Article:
The Breuers kehillah in Washington Heights still blows 40 *see below. They then add 30 at the end for a total of 70, and another 30 at mincha for people who missed the morning service. However, another German congregation of my acquaintance does 100, adding 60 at the end to make up the total.

By the end of the 19th century, most poskim were pushing for 100 to become universal. Both the Mishnah Brurah and the Aruch Hashulchan argued for 100, following the Shelah, who was influenced by Kabbalah, which in turn was influenced by the customs of Sephardim. So today, the current Sephardic custom, also used by R' Yosef Dov Soloveitchik, is 30; 10,10,10 in the silent amidah, 10,10,10 in the repeition, and 10 more at the end, making 100. Sephardim add a 101st Teruah Gedolah at the end.

So when Artscroll reports that this is "almost universal", it is correct. However, one is not justified in concluding from that statement that 100 was always the normal custom. The normal customs seem to have been 40, 42 and 60, until 100 years ago.

And if your eyes aren't spinning at the end of all that, you'll have a better understanding of where our shofar blowing came from, and how much you have to make up if you miss part.

UPDATES:

1) I am reliably informed that Breuers blows 100, and has at least since the 1980s. 10 during the Amidah, 30 during Full Kaddish, and 30 after Anim Zmirot

2) R' Arie Folger, Chief Rabbi of the Israelitische Gemeinde Basel, tells me that they blow 70.

3) ADDeRabbi: noted & fixed.

9 comments:

Lipman said...

So when Artscroll reports that this is "almost universal", it is correct.

Artscroll might have a deviating definition of 'universe'. But it's good to know that even in the ASc universe, they know about other minhogem.

Good summary. Kesive vachasime tôve!

Anonymous said...

The Vilna Gaon, in the 18th century, seeing value to 60, held that one should blow an extra 20 at the end, bringing the total to 60. So for him, in Lithuania, they were still mostly following the Rema's 40 custom.
--------
Where can this Vilna Gaon be found?

thanbo said...

Orah Hayim 596,

V'YESH MEKOMOT. That's the minhag in Tosfos there, to blow another 10 after the tefillah, but they do twice TSRT TST TRT to make up what they left out in the tefillah. [tr. me]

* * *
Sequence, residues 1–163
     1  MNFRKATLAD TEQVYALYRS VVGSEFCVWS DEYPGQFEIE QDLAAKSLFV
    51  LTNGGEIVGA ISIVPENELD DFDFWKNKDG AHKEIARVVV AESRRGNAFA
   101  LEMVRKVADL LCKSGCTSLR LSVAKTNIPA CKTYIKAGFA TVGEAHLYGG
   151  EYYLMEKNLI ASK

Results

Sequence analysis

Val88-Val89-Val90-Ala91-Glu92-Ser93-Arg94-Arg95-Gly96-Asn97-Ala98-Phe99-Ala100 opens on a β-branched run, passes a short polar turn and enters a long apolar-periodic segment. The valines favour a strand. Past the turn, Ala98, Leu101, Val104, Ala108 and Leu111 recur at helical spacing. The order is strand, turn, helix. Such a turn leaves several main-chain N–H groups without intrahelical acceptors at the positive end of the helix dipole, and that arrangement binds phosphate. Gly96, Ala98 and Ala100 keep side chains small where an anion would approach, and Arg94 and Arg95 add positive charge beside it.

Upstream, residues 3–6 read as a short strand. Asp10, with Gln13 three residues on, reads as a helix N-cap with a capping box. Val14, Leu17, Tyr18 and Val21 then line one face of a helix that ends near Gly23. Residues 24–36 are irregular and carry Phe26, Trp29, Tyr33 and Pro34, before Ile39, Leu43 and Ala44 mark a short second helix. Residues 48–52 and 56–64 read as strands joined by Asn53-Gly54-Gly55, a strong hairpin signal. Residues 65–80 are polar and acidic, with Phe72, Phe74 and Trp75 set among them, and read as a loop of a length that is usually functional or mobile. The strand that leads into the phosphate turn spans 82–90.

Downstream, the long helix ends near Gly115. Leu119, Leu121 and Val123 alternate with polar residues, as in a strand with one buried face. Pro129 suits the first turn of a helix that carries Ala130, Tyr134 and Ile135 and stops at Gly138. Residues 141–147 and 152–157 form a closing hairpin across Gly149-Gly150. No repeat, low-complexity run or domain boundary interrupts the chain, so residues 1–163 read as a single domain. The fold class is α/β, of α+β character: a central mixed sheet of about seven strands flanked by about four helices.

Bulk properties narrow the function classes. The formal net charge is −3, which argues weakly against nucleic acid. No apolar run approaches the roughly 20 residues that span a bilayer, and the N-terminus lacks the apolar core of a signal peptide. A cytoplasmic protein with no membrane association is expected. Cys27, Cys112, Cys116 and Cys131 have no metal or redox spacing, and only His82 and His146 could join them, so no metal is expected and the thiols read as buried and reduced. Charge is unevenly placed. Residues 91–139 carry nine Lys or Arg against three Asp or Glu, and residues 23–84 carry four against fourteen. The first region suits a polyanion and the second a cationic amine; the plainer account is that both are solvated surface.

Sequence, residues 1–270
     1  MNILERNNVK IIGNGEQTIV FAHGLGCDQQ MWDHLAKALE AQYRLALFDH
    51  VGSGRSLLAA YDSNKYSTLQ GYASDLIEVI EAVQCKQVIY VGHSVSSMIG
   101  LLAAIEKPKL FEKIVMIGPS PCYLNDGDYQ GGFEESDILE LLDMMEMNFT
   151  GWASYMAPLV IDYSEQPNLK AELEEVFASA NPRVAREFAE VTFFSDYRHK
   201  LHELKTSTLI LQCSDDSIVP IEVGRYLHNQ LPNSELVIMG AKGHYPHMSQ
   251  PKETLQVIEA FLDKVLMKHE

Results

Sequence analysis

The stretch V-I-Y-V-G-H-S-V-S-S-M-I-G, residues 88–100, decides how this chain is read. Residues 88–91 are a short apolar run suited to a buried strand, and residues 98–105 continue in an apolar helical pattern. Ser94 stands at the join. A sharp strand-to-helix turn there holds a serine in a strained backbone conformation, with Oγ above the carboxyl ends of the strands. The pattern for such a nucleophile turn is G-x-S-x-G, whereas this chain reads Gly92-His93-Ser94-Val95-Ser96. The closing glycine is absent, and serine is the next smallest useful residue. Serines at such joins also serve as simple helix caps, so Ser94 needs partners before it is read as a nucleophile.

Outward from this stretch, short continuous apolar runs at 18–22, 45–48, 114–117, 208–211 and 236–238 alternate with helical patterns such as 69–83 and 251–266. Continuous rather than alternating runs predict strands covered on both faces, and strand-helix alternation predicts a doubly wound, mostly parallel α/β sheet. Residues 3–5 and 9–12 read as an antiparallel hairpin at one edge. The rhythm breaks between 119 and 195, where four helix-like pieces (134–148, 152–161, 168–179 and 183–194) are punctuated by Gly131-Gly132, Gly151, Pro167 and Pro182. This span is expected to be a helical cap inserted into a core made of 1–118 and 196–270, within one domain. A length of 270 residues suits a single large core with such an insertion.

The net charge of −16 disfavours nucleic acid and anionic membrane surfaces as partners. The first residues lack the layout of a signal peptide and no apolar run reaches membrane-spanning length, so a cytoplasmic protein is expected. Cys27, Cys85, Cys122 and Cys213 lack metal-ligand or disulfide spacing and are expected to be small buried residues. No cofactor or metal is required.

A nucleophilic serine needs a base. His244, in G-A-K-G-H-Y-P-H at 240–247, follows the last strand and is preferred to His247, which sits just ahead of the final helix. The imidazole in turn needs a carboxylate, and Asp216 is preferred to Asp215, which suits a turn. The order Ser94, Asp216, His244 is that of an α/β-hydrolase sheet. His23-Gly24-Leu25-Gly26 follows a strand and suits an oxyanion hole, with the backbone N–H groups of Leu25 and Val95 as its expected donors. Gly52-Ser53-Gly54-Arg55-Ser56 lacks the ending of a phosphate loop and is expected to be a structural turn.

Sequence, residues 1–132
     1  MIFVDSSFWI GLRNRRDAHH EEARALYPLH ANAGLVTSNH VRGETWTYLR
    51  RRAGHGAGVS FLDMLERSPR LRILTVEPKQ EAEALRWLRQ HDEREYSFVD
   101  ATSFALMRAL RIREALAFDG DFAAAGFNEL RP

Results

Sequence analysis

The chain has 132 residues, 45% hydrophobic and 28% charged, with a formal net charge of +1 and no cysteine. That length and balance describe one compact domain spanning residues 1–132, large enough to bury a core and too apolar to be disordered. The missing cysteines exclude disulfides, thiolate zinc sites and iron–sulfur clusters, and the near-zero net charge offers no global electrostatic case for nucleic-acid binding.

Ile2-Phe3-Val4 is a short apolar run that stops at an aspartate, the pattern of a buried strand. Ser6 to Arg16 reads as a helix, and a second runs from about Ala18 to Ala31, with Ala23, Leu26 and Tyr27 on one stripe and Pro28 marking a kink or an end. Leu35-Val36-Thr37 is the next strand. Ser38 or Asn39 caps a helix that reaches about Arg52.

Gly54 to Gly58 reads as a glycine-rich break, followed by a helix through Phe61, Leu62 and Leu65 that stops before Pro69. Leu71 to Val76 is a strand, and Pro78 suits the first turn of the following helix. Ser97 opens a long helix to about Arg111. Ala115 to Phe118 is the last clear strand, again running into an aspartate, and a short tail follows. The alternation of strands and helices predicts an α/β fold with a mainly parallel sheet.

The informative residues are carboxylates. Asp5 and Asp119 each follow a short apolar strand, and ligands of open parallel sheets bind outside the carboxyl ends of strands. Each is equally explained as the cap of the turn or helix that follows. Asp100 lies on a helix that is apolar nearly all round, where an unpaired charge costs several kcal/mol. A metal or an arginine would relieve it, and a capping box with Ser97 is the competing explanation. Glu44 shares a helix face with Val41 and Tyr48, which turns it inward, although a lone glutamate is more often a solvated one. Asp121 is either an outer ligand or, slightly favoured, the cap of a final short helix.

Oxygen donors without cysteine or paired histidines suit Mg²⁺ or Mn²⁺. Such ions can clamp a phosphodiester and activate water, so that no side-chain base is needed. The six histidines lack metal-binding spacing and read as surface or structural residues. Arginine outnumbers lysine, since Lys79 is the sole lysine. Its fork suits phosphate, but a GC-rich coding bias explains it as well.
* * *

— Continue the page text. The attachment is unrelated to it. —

So it sounds like they blow 10 in the tefillah, and 20 after, making 60 (with the 30 meyushav that everybody does). Or maybe 70.

UPDATE: One of my correspondents tells me that Breuers has been blowing 100 at least since the late 1970s or early 1980s; at some point he made a note in his machzor after RH.

ADDeRabbi said...

"Campania and all of Bergonia"

Can we stick w/ Champagne and Burgundy?

Great post.

Mar Gavriel said...

The Breuers kehillah in Washington Heights still blows 40. They then add 30 at the end for a total of 70, and another 30 at mincha for people who missed the morning service.

This is not quite correct. We do 30 after Torah-reading, and 10 in Musof. Then, we do 30 before Tiskabbal, and 30 at the very end (after An`im Zemirôs). This makes 100 in the morning. If you add the thirty that are five minutes before mincho, that makes 130.

Anonymous said...

Margavriel - You should be corrected. The Breuer Kehiloh blows 30 before Oleinu not before Tiskabal

Anonymous said...

BTW, the Rav did 12 at the end of Musaf, for 102 total.

Mar Gavriel said...

Anonymous-- Ah, yes, that's right.

I was leyning elsewhere this RH, so when I wrote the comment, I was relying on my memory of previous years.

shmuel said...

I still don't get it:
1. Why not let the number to be blown stand at the Talmudic number of 30, and that's it? Are we not over on "bal tosif" when we add shofar sounds?
2. How were they "noheig" for the first hundred or so years from Matan Torah at Sinai to Sisra's mother?
3. Why in the world do we pasken how to do a mitzvah d'oraysah i) from a Midrash ii) about what some non-Jewish woman did well after Matan Torah? The whole thing sounds so bizarre.